$$\ln(n)=\sum_{k=1}^{\omega(n)}\alpha_k\ln(p_{m_k})$$

Technically if you allow $\alpha_k=0$ you have

$$\ln(n)=\sum_{k=1}^{+\infty}\alpha_k\ln(p_k)$$

where $\alpha_k=0$ means that $p_k$ is not a factor of $n$, that $n$ is not divisible by $p_k$.

This, observing prime numbers using logarithmic scale, is bringing you to a cousin of Fourier transform, which is the Mellin transform. To illustrate it, we will use Gamma function, the extension of factorial, so if $f(x)=e^{-x}$ then its Mellin transform is the Gamma function

$$\Gamma(s) = \int_0^\infty e^{-x}x^{s-1} dx$$

We can define Fourier transform using Mellin transform, true, but you inevitably grab for logarithmic scaling in the process.

To understand why Mellin tastes better, we define Riemann zeta function as Mellin transform of another function $f(x)=\frac1{e^x-1}$ i.e.:

$$\zeta(s) = \frac1{\Gamma(s)}\int_0^\infty \frac1{e^x-1}x^{s-1} dx$$

To understand how intimate this function is to the primes, a few relations:

$$\ln\zeta(s) = s\int_0^\infty \frac{\pi(x)}{x(x^s-1)} dx$$

$$\frac{1}{\zeta(s)}=\sum_{n=1}^\infty \frac{\mu(n)}{n^s}$$

$$\zeta^2(s) =\sum_{n=1}^\infty \frac{d(n)}{n^s}$$

$$-\frac{\zeta'(s)}{\zeta(s)} = \sum_{n=1}^\infty \frac{\Lambda(n)}{n^s}$$

$$\frac{\zeta^2(s)}{\zeta(2s)} = \sum_{n=1}^\infty \frac{2^{\omega(n)}}{n^s}$$

where

$\pi(x)$ is number of primes up to $x$

$\mu(n)$ is Möbius function equal to $0$ if $n$ is divisible by square otherwise $1$ if it has even and $-1$ if it has odd number of prime factors

$d(n)$ is number of divisors of $n$

$\Lambda(n)$ is the von Mangoldt function equal to $\ln(p)$ if the number $n$ is $n=p^k$ otherwise $0$

$\omega(n)$ is the number of distinct prime factors of $n$

and many more relations like these.

Again, we are not far away from Fourier transform, we are just basically scaling it in order to extract multiplicative essence. Pure Fourier transform might connect two multiplicative relations related to primes, but to dig very deep into the primes we need related Mellin transform.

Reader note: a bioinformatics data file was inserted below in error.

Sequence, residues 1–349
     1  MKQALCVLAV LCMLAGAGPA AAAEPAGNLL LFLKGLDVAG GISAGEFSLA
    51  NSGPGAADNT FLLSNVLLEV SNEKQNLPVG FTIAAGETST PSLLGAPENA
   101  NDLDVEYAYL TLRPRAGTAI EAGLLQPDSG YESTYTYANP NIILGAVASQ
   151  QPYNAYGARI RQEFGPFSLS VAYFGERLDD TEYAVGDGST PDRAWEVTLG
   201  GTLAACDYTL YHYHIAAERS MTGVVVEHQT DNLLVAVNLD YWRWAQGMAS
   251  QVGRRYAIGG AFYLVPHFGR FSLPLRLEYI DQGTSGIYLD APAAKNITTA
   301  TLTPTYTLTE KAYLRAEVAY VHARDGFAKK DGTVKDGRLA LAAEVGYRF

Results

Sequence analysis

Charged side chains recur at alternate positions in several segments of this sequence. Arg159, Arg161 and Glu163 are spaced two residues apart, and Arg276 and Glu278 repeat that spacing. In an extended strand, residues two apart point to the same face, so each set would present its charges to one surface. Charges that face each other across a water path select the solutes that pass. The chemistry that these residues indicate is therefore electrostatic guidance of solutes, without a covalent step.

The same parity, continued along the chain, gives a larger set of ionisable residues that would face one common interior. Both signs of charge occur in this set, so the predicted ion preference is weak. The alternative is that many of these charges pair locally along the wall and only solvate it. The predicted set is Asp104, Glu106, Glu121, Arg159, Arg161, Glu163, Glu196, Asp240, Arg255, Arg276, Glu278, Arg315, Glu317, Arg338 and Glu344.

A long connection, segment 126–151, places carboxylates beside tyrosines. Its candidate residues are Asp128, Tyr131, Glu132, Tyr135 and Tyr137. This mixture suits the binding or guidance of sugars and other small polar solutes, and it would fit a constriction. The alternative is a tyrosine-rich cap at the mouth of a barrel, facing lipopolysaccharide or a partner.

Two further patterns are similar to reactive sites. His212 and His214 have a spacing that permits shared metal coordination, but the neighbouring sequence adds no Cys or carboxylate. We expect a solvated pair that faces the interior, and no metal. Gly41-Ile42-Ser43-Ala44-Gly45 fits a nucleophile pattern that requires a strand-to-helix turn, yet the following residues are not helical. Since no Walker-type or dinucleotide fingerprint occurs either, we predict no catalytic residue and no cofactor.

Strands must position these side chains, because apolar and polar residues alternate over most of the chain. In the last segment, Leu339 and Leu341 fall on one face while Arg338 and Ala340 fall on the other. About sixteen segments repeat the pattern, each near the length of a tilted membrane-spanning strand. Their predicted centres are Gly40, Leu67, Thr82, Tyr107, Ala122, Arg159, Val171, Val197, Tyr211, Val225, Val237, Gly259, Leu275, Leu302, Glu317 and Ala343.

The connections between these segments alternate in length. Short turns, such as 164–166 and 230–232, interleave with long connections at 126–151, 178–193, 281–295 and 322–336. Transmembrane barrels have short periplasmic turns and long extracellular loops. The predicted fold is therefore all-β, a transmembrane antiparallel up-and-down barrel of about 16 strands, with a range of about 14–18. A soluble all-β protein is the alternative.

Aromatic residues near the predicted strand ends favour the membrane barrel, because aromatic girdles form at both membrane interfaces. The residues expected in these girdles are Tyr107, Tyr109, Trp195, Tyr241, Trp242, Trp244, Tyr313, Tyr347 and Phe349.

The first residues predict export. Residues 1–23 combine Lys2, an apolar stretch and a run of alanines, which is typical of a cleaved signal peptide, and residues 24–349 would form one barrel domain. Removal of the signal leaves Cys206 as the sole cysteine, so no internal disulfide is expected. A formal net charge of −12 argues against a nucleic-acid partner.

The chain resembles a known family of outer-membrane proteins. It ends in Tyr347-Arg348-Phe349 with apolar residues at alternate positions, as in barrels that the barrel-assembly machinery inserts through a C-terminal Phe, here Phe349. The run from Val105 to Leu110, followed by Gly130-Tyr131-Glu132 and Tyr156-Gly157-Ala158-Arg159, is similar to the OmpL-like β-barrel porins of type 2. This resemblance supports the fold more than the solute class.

Regarding prime factorization, there is not much there where Fourier transform is directly involved. The problem is so complex that techniques are bordering with mathematical limits not rarely using guessing and heuristics even when the factorization is expect to run very fast and when the algorithm is quite precise and sound.

Still if you look back at the Riemann zeta function defined above as

$$\zeta(s)=\sum_{n=1}^{\infty} n^{-s} = \prod_{p \text{ is prime}}\frac1{1-p^{-s}}$$

you have readily available factorization of each $n$, albeit you cannot extract it directly. Because Riemann zeta function is intimately related to other arithmetic functions, all you need is to be able to extract $n^{th}$ coefficient of any interesting sum:

$$f(s)=\sum_{n=1}^{\infty}\frac{a_n}{n^s}$$

and that would be

$$\frac{a_n}{n^{\sigma}} = \lim_{T\to\infty} \frac{1}{2T} \int_{-T}^{T} f(\sigma+ it)n^{it} \mathrm{d}t$$

and you can obtain sufficient information about factorization to start the actual factorization. This is not the fastest possible known way, but it is the way that is relating Fourier, i.e. Mellin transform, with the factorization process more directly than with other known methods.

  • Could you please point me to a reference for the derivation/proof of the last formula $\frac{a_n}{n^{\sigma}} = \lim_{T\to\infty} \frac{1}{2T} \int_{-T}^{T} f(\sigma+ it)n^{it} \mathrm{d}t$ in your answer above? It seems to be somehow related to the inverse Mellin transform $\mathcal{M}_{-s}^{-1}[f(s)](x)=\frac{1}{2 \pi i}\int\limits_{\sigma -i \infty }^{\sigma +i \infty } f(s)\ x^s \, ds=\frac{1}{2 \pi }\int\limits_{-\infty }^{\infty } f(\sigma +i t)\ x^{\sigma +i t} \, dt$. – Steven Clark Sep 14 '21 at 18:12
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    11.11 An integral formula for the coefficients of a Dirichlet series, Theorem 11.17, Tom M. Apostol, Introduction to Analytic Number Theory – Alex Peter Sep 14 '21 at 19:40